U.S. Rep. Steve Israel (D-Hauppauge) said he would have no trouble crossing over the Queens border, much like he has reached across the political aisle in his career to try and solve the country’s biggest problems.
Under newly redrawn congressional district lines, the Long Island congressman may soon represent voters from Little Neck, Douglaston, Bay Terrace, Whitestone and Beechhurst if re-elected in November. Israel sat down in the TimesLedger Newspapers’ offices in Bayside last week to outline his approach to representing his potentially new territory and how he valued compromise in the political sphere.
“I’m anxious and eager to go to work here,” Israel said. “There’s clearly a learning curve. I’m not going to pretend to know what I don’t, which is why I’ve spent every day since the maps were finalized meeting with local community leaders.”
In 2006, Israel helped launch the House Center Aisle Caucus, a group of 25 Democrats and 25 Republicans who would meet weekly at the Hunan Dynasty Chinese restaurant on Capitol Hill to refresh the political discourse.
“We’d talk for five minutes about what we disagreed on. Then the next 55 minutes were about what we could agree on,” Israel said. “It was one of the most refreshing experiences I’ve ever had.”
Since then, Israel said, the caucus had trouble gathering Republican support, which he attributed to the influence of the conservative grassroots and politically charged Tea Party movement.
“They were afraid of the word ‘compromise’ and they were afraid they’d be punished by the Tea Party for talking to Democrats,” Israel said. “So the caucus became defunct. I still believe we can find commonality across the aisle.”
The congressman has voted along Democratic Party lines 94 percent of the time, according to congressional records, but Israel said such records were misleading because they included formality votes.
But he is not always in agreement with his Democratic colleagues. On the issue of America’s policy toward Israel, the congressman said he leaned to the right with an emphatic support for the region.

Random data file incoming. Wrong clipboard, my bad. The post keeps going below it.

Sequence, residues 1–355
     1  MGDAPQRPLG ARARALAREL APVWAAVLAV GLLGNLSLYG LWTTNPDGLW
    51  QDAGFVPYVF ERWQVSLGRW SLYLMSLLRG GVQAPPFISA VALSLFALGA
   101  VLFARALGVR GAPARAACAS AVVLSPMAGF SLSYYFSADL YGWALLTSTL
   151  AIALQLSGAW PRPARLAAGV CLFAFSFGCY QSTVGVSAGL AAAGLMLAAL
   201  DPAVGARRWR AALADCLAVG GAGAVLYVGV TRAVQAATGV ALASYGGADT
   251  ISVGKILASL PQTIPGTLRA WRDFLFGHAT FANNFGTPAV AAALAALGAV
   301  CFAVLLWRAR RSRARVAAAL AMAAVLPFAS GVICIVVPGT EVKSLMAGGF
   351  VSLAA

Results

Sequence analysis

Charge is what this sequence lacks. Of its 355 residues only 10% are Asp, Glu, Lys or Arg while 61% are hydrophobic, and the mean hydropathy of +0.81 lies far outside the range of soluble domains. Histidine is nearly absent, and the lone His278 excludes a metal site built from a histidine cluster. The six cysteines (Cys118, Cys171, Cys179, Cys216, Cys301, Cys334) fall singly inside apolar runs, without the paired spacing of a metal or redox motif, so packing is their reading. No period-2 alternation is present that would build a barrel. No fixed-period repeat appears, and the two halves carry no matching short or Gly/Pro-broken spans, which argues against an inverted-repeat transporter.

Israel currently represents New York’s 2nd District, which includes Huntington, Babylon, Islip, Smithtown and Oyster Bay. But redrawn congressional lines will rename the area District 3, which no one has yet declared a campaign for.
In adjusting to governing residents of Queens, the presumptive congressman said there was not much of a difference in those broad national issues.
“On national issues, I’m not sure there’s that much of a difference between Little Neck and Huntington,” Israel said. “People want a Congress that’s about ideas and not ideology. I think there’s a commonality between the district I’ve represented for 10 years and newer areas.”
The three priority issues Israel said he has championed throughout his more than 10 years in Congress were rebuilding the middle class, American energy policies, veterans protection and protecting small businesses, which he called the greatest challenge facing the country.
“If you’re in the middle class, you’ve taken it on the chin,” Israel said. “I’m really excited about taking my focus on rebuilding the middle class in this country to the new areas that I represent.”
Israel said he was proud of his defense of the middle class, saving working families $1,500 in the year 2012 by voting to extend payroll tax cuts and delivering more than $5 million in benefits to his area’s veterans.
In defining the middle class, Israel said he disagreed with President Barack Obama in the classification of “rich,” which Obama’s tax policies have declared as people earning at least $250,000 a year. According to Israel, a person’s wealth should be relative to his or her costs of living rather than salary.
Israel said he was also in full support of women’s rights, as issues like abortion and contraception have become more prevalent in the country’s political dialogue.
Referring to himself as a quintessential product of the middle class, Israel grew up in Levittown on Long Island and said he wanted to go to George Washington University, but could not afford the tuition. After spending two years at his local Nassau Community College, Israel said he transferred to GWU on student loans and worked in Washington, D.C., during his college years.
Upon his return to Long Island, Israel married his wife Marlene Budd and worked for the American Jewish Congress before opening up his own small business in marketing.
Before Congress, Israel served on Long Island’s Huntington town council, where he said he learned there was no partisan way to pave a pothole or clean a park.
Though he has represented Long Island for about a decade, Israel said his familiarity with Queens dated back to his upbringing.
“I’m actually a product of Queens,” Israel said. “I used to spend every Sunday of my childhood in Flushing where my father grew up.”
Reach reporter Phil Corso by e-mail at firstname.lastname@example.org or by phone at 718-260-4573.
©2012 Community News Group
By submitting this comment, you agree to the following terms:
You agree that you, and not TimesLedger.com or its affiliates, are fully responsible for the content that you post. You agree not to post any abusive, obscene, vulgar, slanderous, hateful, threatening or sexually-oriented material or any material that may violate applicable law; doing so may lead to the removal of your post and to your being permanently banned from posting to the site. You grant to TimesLedger.com the royalty-free, irrevocable, perpetual and fully sublicensable license to use, reproduce, modify, adapt, publish, translate, create derivative works from, distribute, perform and display such content in whole or in part world-wide and to incorporate it in other works in any form, media or technology now known or later developed.